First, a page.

Adults should listen to children to understand the severity of the climate crisis – Fortune

Written by Paul Polman

After a depressing and dreary 2020, the new year has not come a moment too soon. The coronavirus pandemic has not yet ended its whirlwind of destruction, and it promises to loom large over the first half of 2021. But one day soon, we can reasonably hope it will be over.

In an effort to look forward to that day and beyond, I have been asking my grandchildren what they want to see happen in the world not just this year, but by 2030. By then, my grandson Ryan will be nearly 20, and his sister Madeleine will be a teenager.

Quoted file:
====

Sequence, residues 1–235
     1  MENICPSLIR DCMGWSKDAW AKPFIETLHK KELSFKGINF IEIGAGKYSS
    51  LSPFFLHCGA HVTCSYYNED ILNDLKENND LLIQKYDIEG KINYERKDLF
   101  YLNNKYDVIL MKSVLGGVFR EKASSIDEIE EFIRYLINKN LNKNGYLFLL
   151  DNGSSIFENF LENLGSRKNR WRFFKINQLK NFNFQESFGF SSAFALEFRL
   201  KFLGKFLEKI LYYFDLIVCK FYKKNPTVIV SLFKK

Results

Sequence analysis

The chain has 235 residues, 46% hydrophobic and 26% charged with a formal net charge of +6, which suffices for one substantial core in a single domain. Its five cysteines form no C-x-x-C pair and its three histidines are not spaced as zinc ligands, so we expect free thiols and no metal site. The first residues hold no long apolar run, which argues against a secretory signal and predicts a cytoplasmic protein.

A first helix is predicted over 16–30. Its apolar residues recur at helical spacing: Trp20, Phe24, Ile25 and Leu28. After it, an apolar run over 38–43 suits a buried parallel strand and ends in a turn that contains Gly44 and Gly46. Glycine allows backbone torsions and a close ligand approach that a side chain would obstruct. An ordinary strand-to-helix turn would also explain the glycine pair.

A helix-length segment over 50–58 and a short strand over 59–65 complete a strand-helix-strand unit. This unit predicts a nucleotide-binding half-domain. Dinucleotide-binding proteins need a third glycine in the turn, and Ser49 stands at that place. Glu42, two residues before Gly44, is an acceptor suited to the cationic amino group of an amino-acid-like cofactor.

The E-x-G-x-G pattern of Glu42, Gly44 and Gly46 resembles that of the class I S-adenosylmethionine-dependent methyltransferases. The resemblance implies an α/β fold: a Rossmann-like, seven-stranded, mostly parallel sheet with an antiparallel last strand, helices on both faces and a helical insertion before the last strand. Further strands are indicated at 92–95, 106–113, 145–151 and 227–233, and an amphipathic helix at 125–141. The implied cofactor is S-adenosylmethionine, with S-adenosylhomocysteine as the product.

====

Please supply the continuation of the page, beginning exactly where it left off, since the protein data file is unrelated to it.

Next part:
They both call me Captain Planet, a kind label first applied to me by the Harvard Business Review. But superheroes have a habit of being human under the cape. My generation started out as big polluters, becoming climate change converts late in life. Even at Unilever—a company with a history of social responsibility dating back to the 1880s—placing sustainability at the heart of the firm’s strategy was controversial with some of its stakeholders.

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